The recent merger of the “news” site The Huffington Post with media giant America Online has created fears of a “tsunami” of insipid entertainment articles passed off like news. Those in charge at AOL are alleged to be “eagerly embracing the ‘content farm’ approach pioneered by Demand Media – generate cheap content based on three major considerations: whether it can get page views, whether it can generate sufficient revenue, and whether it can be produced quickly.”

The public should perhaps be more concerned about Arianna Huffington holding sway over a media giant’s production, selection and presentation of the news … but let’s look at Demand Media. The site, whose name seems to be synonymous with content farming – where you read one term, the other is never far behind – is, according to the Wall Street Journal, “one the most popular Web destinations in the country.” The company, “which churns out thousands of online stories and videos a day,” uses “a stable of about 13,000 vetted freelancers and its copy editors to assemble how-to articles or online videos about a topic that it believes will prove popular with Web users and advertisers.”

The site is, then, the very definition of a “content farm.” Its articles get hits and those hits translate to advertiser interest. Advertiser interest equals money, and as the site’s articles get results, the cycle continues. Large volumes of content are created that produce large volumes of revenue for all concerned – most directly, for the content farm.

Demand Media’s CEO considers that label insulting. The Journal quotes him as saying, “The way Google defines a content farm, we are not a content farm.” The dominant search engine is now directly threatening Demand Media and companies like it, after all; if those companies cannot get Google search results because they’ve been blacklisted – fairly or unfairly – their value is directly affected. This simple fact has caused some to wonder if Demand Media’s initial public offering came none too soon.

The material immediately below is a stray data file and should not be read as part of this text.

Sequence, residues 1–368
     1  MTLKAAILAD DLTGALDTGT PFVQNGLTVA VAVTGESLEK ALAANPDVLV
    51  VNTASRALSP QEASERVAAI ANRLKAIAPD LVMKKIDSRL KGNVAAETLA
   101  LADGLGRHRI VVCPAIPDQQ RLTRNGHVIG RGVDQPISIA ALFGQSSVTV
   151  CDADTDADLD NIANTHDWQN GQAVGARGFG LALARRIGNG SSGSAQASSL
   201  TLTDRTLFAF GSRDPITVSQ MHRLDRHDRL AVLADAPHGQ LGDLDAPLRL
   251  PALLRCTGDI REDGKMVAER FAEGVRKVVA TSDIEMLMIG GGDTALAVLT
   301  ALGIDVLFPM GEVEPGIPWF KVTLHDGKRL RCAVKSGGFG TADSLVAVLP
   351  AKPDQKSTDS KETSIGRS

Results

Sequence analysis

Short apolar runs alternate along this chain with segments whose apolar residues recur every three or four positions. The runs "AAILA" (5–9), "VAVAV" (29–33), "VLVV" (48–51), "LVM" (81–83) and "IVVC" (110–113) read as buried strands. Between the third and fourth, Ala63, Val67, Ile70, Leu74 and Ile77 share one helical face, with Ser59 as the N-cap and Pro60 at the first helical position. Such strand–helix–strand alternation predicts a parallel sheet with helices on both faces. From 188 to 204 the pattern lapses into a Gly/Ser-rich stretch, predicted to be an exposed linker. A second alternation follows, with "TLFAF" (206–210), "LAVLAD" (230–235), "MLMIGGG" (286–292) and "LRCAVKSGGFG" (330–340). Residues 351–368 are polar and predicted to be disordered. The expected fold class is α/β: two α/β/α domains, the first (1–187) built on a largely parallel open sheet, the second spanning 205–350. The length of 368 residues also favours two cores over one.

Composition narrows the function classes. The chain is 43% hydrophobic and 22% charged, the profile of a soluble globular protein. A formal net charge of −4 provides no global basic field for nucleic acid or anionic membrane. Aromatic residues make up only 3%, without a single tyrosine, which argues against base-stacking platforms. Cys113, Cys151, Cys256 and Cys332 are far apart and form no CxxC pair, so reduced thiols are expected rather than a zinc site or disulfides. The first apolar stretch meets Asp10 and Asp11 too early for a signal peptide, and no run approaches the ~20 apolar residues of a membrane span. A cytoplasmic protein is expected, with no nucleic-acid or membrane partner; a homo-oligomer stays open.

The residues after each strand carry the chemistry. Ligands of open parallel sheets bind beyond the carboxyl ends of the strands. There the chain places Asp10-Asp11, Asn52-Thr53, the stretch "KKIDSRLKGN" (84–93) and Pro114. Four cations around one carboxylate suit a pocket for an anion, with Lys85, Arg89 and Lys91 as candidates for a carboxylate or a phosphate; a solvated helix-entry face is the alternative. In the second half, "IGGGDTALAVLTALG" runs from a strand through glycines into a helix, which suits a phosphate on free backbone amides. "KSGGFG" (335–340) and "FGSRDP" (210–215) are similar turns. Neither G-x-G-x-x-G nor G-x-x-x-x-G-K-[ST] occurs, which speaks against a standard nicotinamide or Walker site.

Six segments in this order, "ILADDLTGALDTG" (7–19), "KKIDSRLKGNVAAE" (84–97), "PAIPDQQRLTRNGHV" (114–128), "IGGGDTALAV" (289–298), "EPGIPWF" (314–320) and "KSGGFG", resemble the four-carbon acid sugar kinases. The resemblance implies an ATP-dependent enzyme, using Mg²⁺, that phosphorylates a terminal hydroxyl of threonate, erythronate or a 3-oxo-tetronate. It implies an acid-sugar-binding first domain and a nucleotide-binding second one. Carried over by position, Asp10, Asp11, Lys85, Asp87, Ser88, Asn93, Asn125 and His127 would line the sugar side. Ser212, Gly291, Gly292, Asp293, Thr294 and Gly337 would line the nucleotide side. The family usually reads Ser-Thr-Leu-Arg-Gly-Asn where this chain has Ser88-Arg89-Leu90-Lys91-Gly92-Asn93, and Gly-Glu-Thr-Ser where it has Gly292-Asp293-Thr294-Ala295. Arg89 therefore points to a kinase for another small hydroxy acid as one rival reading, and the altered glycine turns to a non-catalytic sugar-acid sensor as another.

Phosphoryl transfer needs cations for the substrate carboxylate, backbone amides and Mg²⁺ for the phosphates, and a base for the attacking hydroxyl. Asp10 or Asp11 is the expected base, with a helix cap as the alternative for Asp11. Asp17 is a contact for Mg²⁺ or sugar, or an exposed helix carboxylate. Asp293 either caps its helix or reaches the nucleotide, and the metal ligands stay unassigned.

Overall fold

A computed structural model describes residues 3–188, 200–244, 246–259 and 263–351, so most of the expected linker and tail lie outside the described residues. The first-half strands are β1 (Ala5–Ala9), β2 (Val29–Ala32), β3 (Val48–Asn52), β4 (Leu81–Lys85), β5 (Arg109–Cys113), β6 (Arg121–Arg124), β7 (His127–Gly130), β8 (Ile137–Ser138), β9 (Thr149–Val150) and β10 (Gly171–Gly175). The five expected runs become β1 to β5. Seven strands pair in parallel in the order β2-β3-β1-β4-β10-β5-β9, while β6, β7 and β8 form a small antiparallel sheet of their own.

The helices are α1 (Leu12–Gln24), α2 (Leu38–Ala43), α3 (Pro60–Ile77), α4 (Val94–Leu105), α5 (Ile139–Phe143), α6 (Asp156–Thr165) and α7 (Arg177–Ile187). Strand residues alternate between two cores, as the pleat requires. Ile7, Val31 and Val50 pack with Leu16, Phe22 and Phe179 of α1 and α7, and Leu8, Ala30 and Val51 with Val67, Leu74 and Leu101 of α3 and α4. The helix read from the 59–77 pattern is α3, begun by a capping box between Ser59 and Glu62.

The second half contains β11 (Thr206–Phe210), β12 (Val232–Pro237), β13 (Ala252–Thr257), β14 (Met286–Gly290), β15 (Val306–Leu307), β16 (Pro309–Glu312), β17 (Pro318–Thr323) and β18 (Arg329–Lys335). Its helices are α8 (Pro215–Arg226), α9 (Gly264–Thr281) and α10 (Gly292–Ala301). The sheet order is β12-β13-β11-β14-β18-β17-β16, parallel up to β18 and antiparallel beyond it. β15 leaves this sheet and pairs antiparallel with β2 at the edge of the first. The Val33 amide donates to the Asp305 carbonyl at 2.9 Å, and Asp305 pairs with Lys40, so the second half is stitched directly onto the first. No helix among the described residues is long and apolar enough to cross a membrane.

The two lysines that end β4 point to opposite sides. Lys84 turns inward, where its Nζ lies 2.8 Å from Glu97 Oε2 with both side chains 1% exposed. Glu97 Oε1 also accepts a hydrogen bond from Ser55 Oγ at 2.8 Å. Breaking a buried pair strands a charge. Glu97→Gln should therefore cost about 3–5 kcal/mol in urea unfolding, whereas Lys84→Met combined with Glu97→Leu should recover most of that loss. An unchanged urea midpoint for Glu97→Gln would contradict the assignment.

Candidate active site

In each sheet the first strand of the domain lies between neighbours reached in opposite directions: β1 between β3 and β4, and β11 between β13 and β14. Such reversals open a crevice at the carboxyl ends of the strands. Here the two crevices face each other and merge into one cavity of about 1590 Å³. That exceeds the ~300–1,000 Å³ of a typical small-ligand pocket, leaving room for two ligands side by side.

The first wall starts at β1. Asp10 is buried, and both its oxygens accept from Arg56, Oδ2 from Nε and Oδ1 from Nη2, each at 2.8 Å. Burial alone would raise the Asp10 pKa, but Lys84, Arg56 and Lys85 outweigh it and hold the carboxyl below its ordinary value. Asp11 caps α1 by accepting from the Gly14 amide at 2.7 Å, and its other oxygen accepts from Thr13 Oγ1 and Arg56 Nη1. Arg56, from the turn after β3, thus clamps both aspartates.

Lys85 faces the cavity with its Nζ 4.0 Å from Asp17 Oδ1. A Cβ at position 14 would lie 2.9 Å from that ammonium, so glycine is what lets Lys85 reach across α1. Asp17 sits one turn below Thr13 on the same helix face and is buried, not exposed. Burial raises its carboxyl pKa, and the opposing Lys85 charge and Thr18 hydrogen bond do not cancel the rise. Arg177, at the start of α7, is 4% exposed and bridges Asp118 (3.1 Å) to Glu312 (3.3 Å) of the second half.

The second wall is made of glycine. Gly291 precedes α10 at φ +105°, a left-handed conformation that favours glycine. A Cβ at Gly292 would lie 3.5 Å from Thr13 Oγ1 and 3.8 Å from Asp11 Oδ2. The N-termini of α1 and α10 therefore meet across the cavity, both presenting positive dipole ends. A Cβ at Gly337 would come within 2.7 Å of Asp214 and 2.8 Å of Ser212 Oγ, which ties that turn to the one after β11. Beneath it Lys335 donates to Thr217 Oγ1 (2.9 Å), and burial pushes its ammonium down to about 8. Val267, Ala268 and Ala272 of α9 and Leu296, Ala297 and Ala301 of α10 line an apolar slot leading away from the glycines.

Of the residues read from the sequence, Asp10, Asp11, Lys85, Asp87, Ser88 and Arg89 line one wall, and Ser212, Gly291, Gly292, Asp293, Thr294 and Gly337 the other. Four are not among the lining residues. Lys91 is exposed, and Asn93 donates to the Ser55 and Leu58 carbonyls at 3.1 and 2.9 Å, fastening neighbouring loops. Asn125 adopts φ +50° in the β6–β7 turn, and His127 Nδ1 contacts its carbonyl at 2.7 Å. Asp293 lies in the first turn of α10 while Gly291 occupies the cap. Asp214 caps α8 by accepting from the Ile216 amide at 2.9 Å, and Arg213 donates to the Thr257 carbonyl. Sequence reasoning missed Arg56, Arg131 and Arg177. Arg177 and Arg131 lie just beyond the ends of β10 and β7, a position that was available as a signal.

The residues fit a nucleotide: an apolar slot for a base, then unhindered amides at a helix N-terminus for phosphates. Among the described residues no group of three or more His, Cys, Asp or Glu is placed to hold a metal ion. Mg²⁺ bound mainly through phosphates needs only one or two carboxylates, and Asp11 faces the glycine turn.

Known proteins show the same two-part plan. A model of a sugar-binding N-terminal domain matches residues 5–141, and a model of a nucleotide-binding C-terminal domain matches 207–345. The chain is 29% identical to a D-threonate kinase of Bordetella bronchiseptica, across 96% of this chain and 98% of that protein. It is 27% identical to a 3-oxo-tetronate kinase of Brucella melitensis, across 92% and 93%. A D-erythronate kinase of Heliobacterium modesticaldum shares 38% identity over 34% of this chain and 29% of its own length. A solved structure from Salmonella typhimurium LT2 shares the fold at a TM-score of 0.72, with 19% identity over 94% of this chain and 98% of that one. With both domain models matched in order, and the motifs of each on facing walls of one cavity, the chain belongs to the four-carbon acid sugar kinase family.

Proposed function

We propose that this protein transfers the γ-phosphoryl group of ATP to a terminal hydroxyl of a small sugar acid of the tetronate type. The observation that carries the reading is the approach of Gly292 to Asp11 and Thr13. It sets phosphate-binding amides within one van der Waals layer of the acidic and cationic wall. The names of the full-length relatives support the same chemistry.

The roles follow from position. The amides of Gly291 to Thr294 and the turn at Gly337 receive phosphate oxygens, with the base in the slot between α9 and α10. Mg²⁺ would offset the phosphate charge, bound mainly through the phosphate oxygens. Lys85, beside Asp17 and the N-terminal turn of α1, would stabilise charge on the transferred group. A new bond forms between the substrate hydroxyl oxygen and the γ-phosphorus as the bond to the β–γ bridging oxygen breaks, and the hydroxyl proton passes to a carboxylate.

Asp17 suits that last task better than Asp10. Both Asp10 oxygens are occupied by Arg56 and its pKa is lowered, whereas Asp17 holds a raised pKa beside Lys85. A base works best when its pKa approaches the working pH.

Jason Calicanis, who according to the New York Observer “runs one of the Web’s biggest content farms,” claims Google’s crackdown will harm the entire industry. He warns that the greatest offense one can commit against Google is that of making Google “look stupid.” He warns of terrible reprisals.

What if those reprisals harm those who’ve done no wrong – except in the eyes of Google’s search algorithms? Digital journalist Pekka Pekkala writes eloquently of the unintended consequences of Google’s crackdown, saying, “As tempting as it is to gloat over Demand Media’s misfortune, the Google announcement might have severe consequences to all publishing. … The big question is how will Google judge who is doing spammy, search-engine inspired headlines and who is doing real customer research with Google Analytics.”

Gatekeeping is increasingly necessary in a society overloaded, overflowing and thoroughly saturated with information. Filtering search results of “lower quality” could benefit the user in the same way that publishers will remain relevant to electronic publishing – by screening the useless, the incompetent and the irrelevant. We must, however, ask ourselves who the gatekeepers will be … and whether we can trust them.